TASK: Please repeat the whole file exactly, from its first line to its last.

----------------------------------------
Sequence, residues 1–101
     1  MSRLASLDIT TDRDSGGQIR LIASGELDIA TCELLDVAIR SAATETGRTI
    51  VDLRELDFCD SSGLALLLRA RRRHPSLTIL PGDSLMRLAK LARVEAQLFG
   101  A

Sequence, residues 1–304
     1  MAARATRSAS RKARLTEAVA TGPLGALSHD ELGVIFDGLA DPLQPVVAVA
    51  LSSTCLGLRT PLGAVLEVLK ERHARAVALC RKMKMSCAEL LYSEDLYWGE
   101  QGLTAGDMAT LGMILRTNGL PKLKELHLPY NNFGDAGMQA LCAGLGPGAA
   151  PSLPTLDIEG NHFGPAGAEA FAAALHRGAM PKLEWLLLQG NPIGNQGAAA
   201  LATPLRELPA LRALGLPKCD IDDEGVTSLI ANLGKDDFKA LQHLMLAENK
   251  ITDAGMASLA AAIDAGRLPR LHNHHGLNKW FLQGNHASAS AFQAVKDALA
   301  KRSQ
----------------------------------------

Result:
Sequence, residues 1–101
     1  MSRLASLDIT TDRDSGGQIR LIASGELDIA TCELLDVAIR SAATETGRTI
    51  VDLRELDFCD SSGLALLLRA RRRHPSLTIL PGDSLMRLAK LARVEAQLFG
   101  A

Sequence, residues 1–304
     1  MAARATRSAS RKARLTEAVA TGPLGALSHD ELGVIFDGLA DPLQPVVAVA
    51  LSSTCLGLRT PLGAVLEVLK ERHARAVALC RKMKMSCAEL LYSEDLYWGE
   101  QGLTAGDMAT LGMILRTNGL PKLKELHLPY NNFGDAGMQA LCAGLGPGAA
   151  PSLPTLDIEG NHFGPAGAEA FAAALHRGAM PKLEWLLLQG NPIGNQGAAA
   201  LATPLRELPA LRALGLPKCD IDDEGVTSLI ANLGKDDFKA LQHLMLAENK
   251  ITDAGMASLA AAIDAGRLPR LHNHHGLNKW FLQGNHASAS AFQAVKDALA
   301  KRSQ